BCDA raises a lone issue in its petition:
Ruling of the Court

The petition is bereft of merit. The Court finds no grave abuse of discretion on the part of the COA in issuing the assailed decision.

At the outset, the Court emphasizes that the present petition is one for certiorari filed under Rule 64, in relation to Rule 65 of the Rules of Court. Time and again, the Court has pointed out that the special civil action for certiorari is a limited form of review. It should be established that the respondent court or tribunal acted in capricious, whimsical, arbitrary or despotic manner in the exercise of its jurisdiction as to be equivalent to lack of jurisdiction.[26] Grave abuse of discretion, which needs to support petitions for certiorari, then has a specific meaning, to wit:
An act of a court or tribunal can only be considered as with grave abuse of discretion when such act is done in a “capricious or whimsical exercise of judgment as is equivalent to lack of jurisdiction.” The abuse of discretion must be so patent and gross as to amount to an “evasion of a positive duty or to a virtual refusal to perform a duty enjoined by law, or to act at all in contemplation of law, as where the power is exercised in an arbitrary and despotic manner by reason of passion and hostility.” Furthermore, the use of a petition for certiorari is restricted only to “truly extraordinary cases wherein the act of the lower court or quasi-judicial body is wholly void.” From the foregoing definition, it is clear that the special civil action of certiorari under Rule 65 can only strike an act down for having been done with grave abuse of discretion if the petitioner could manifestly show that such act was patent and gross. x x x.[27]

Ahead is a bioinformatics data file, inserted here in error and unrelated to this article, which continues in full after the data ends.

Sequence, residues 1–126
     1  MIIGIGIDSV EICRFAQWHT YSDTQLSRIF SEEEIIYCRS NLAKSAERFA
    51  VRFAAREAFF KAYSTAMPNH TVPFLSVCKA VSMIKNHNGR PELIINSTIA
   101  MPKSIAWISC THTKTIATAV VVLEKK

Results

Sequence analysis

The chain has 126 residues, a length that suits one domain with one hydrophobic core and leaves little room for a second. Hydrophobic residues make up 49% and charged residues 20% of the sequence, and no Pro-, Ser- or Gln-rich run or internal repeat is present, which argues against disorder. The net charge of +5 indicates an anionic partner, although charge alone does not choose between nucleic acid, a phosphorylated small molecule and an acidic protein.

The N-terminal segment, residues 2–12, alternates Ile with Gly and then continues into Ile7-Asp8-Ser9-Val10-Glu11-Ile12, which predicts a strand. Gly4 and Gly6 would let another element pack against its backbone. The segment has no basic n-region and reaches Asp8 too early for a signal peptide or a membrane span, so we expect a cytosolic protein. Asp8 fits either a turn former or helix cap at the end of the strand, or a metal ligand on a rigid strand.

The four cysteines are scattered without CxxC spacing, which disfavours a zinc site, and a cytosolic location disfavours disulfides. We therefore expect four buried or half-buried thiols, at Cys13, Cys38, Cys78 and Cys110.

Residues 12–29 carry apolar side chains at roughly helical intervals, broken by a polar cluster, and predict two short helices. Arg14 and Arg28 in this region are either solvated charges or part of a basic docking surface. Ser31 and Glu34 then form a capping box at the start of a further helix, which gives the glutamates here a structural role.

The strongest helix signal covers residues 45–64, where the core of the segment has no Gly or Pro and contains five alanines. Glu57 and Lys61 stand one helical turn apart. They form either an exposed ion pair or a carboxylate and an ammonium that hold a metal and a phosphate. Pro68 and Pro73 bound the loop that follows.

There appears to be no grave abuse of discretion by the COA in its disposition of BCDA’s appeal from the ASB decision. In its revised manning schedule[28] following the one-month extension given to KCECI for project completion, DSI presented an extension of two man-months each for five employees identified as the Resident Sanitary Engineer, Resident Electrical Engineer, Administrative Assistant, Utility Man and Driver. The two man-month extension for these five personnel was clearly not in accord with Article II of the subject Supplemental Agreement, which contemplated a mere one man-month extension for DSI’s services as it provided: